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August 25th, 2015

By Philip Turner in: Books & Writing; Philip Turner Book Productions; Publishing & Bookselling

Helping Authors Reach their Goals as an Independent Editor since 2009

It’s always gratifying when I know I’ve helped an author make his or her book better than when I received the manuscript from them, and even better when they show their appreciation with a recommendation that I can use in marketing my editorial and publishing services to other writers. Professor Dov Waxman’s Trouble in the Tribe: The American Jewish Conflict over Israel is an extremely important and timely book, just the kind of title I enjoyed acquiring when I was an in-house editor, one that I am proud to have worked on with Prof Waxman under the rubric of Philip Turner Book Productions. I look forward to seeing it in print in 2016. Meantime, I’m pleased to share his recommendation of my services:

“I was looking for someone to edit my book Trouble in the Tribe: The American Jewish Conflict over Israel (Princeton University Press, 2016) and my agent recommended Philip Turner.  His recommendation was excellent.  Philip turned out to be exactly the kind of editor I was looking for—thorough and detailed, with a keen understanding of my goals as a writer, my intended audience, and my book’s arguments.  His careful editing has certainly improved my book, and I recommend him wholeheartedly.”—Dov Waxman, Professor of Political Science, International Affairs, and Israel Studies, Stotsky Professor of Jewish Historical and Cultural Studies, Co-Director, Middle East Center, Northeastern University

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August 10th, 2015

By Philip Turner in: Personal History, Family, Friends, Education, Travels; Philip Turner Book Productions; Publishing & Bookselling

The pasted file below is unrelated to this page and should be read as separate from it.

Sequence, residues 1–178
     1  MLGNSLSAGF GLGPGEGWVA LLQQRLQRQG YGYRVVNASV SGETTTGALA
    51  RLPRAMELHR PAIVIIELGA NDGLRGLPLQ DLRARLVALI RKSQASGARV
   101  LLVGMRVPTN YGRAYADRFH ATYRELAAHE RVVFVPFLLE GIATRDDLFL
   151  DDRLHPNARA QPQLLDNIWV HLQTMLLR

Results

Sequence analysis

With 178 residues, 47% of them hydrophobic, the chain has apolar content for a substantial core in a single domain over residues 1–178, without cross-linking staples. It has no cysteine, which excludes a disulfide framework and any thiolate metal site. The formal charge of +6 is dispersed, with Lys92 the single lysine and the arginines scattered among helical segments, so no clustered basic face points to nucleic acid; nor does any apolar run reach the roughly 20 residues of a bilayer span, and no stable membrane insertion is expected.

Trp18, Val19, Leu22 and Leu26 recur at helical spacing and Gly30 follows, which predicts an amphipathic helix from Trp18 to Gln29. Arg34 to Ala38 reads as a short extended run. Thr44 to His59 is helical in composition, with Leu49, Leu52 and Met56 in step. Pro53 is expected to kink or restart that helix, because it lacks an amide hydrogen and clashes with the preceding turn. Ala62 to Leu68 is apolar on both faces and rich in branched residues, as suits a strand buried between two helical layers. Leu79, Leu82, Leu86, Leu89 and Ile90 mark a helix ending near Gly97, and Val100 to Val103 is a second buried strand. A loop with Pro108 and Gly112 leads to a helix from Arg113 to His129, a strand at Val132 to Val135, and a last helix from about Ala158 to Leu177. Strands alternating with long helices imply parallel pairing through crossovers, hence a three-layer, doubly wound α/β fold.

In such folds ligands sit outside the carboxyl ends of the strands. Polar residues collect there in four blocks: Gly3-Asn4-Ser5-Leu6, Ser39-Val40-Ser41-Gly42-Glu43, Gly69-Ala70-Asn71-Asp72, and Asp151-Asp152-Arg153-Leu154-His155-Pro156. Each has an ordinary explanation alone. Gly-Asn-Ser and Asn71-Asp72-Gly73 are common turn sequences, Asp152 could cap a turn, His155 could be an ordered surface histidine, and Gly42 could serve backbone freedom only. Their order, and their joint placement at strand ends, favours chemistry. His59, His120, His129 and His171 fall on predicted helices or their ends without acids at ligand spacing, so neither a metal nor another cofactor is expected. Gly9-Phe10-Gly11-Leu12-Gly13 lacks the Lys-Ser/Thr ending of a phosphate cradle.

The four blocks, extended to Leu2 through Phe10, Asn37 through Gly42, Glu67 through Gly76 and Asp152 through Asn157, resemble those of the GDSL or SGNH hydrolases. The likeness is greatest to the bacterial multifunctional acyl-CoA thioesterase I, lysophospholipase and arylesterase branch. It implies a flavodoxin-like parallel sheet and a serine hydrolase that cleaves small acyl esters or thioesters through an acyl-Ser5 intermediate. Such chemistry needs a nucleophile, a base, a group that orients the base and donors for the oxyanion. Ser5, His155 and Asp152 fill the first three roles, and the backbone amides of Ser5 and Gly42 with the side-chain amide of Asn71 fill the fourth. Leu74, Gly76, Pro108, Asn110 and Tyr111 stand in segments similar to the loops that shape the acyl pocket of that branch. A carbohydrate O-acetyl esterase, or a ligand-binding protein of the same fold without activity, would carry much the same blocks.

With Rizzoli Bookstore Open, Wishing them Well, Stepping Back for Now

As I reported on this blog last month, I was excited to begin working with Rizzoli to help them open their new flagship bookstore on Broadway near 26th St in Manhattan. It was gratifying to see the enthusiastic response of many friends and readers here who cheered my return to bookselling, more than 30 years after I got my start in the book business with Undercover Books in Cleveland. After working for Rizzoli pretty much all of July—including a stretch when I worked 19 out of 22 days, determined physical effort as part of a hard-working crew to which I was proud to contribute my efforts—we were excited to open the store to customers on July 27. However, due to the ongoing build-out of the 5,000 square foot space, with two large rooms then incomplete, and construction continuing for more weeks, I’ve decided to step back from working in the store for now. In the days I worked there after it opened to customers, the foot traffic was brisk, and I’m optimistic that the bookstore is going to do very well, indeed. I’m glad I was able to contribute to Rizzoli’s reopening in New York City, and am grateful to store manager Chad Bunning who gave me the opportunity, and with whom I share a devotion to energetic bookselling. I urge you to visit Rizzoli’s handsome new store, and if you first want to see a bit of what it looks like, below is a picture I took at a reception held in July for media and publishing professionals, and at this link there are others. For my part, I am excited to return full-time to my independent editorial and publishing consultancy, Philip Turner Book Productions, with some assignments from new clients already lined up for the fall.